I was worried about FOD or dripping water from the LOX tank getting into the main valve servo. I made a makeshift rain cover out of some aluminum tape but it would have been better to completely encapsulate the gear assy and servo in some kind of 3D printed cover. There's not much room down there though.
I should have used 0.028 wall aluminum tubing instead of 0.035 tubing to save weight and make it easier to bend.
I considered adding externally powered solenoid valves to depressurize the tanks in the event of a flight computer failure but they were big and heavy. Luckily I didn't have a problem. My argument against it was that the helium tank was DOT rated and the LOX tank had a burst disc which would have self-relieved. The fuel tank could have remained pressurized though. If there had been an explosion on the pad, backup valves might not have helped anyway so the Winchester depressurization method might have had to be used.
A slightly longer recovery bay (by a few inches) would have made it easier to pack the parachutes.
Stronger magnets on the umbilical or perhaps a different design would have avoided that last minute trip to the pad. There was only minimal clearance between the ground side of the umbilical disconnect and the launch rail so when I was disconnecting the LOX fill hose, I likely bumped the rocket enough for the umbilical to pop off. I wanted to avoid the fins getting snagged on the umbilical so I had to add a bungee to pull them away at launch but that reduced the hold force that the magnets provided. The umbilical could have been placed near the base of the vehicle but then you have a lot of wires running through the engine bay which isn't ideal. There are other disconnect ideas out there I've seen but I just though the magnetic was kind of different so I thought I'd try it.
Software-wise, I wish I had completed the moving map (I ran out of time) so I would have had better situational awareness of where the rocket was during descent. I also should have double-checked the dynamic mode for the GPS receiver.
Overall, I achieved my primary goal of launching and recovering a liquid rocket. My next plans are to add active stabilization (with control surfaces, no gimbaling) to this rocket, then assuming I get that working, to build a larger vehicle. But I plan to take a few years off from rocketry and complete my RV-10 kit airplane. I'm sure I'll get bored after that and get back to the rocket.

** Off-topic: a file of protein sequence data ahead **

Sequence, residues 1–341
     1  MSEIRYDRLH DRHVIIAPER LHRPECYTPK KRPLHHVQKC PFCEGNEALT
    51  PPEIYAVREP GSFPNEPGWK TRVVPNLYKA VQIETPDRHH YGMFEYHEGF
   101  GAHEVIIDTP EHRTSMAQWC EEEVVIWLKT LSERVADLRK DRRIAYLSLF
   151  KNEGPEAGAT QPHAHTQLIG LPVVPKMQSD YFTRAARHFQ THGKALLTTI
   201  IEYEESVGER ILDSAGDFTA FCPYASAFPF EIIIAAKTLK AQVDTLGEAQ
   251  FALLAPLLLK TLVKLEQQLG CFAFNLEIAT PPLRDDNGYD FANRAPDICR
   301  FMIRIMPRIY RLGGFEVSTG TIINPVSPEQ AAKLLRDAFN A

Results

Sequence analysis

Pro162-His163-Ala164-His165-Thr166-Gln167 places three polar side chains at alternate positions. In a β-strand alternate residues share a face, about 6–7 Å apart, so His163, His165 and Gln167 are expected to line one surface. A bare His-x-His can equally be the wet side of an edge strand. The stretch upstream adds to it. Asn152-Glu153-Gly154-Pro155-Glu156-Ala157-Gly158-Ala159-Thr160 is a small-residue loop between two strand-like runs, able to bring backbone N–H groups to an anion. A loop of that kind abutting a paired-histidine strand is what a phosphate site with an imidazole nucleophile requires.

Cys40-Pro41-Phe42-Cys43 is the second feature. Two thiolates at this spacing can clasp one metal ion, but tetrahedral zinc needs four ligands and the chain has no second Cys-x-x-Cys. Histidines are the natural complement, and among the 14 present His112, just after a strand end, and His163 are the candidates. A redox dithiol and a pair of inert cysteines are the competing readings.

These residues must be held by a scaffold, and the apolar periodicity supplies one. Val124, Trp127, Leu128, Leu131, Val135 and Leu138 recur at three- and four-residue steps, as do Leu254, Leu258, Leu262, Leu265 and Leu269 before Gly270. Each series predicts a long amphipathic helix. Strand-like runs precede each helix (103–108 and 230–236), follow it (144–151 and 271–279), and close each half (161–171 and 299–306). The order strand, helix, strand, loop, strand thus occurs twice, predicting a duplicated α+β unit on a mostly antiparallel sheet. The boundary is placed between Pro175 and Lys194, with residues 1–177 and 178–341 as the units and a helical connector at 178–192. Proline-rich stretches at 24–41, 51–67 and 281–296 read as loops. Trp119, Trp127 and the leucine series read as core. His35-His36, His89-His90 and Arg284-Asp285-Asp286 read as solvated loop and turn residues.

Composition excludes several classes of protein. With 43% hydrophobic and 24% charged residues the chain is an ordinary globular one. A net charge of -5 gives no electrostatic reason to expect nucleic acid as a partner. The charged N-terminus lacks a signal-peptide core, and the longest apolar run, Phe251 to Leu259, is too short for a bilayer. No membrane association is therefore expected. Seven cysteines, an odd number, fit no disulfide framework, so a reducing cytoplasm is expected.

Well, that took a bit longer than I expected! Last weekend, I finally launched and recovered the 250 lbf LOX/kerosene rocket out at FAR, the Friends of Amateur Rocketry site in CA. I'm still organizing the photos/videos and analyzing data but the primary and backup altimeters show a max altitude of around 10800 ft AGL with a burn time of 10 seconds. The drogue deployed at apogee and the main was released at 1000 ft AGL as planned. All parts were successfully recovered intact which is a really lucky outcome. Yes, I did a lot of testing but sometimes you get either good or bad luck and apparently I ended up with good luck.
Part of the delay was that I purchased an airplane kit, a Van's RV-10 which I started on in Dec 2020. I worked on it through Apr 2021 and then I realized that if I didn't stop working on the airplane and fly the rocket, it would never fly and I would have wasted all these years of hard work. I was also working on my instrument rating last year which took a fair amount of time. I started back on the rocket in Sep 2021 and made a giant TODO list by month to get to an arbitrary launch date of Jan 15, 2022. I finished with about a week to spare which I used to start organizing and pack for the trip to CA. The remaining tasks included a Kalman filter for drogue/main deployment, onboard/ground data recording, procedures, general flight and ground S/W cleanup, and last minute testing/checkout. It's amazing how many tasks don't really need to be done when you start comparing priorities.
I posted a few pics in the Tests section for now but I'll add some plots, more photos, and videos soon. In the meantime, there are some nice videos on YouTube that folks posted of the launch.
For archived articles, check out the News section.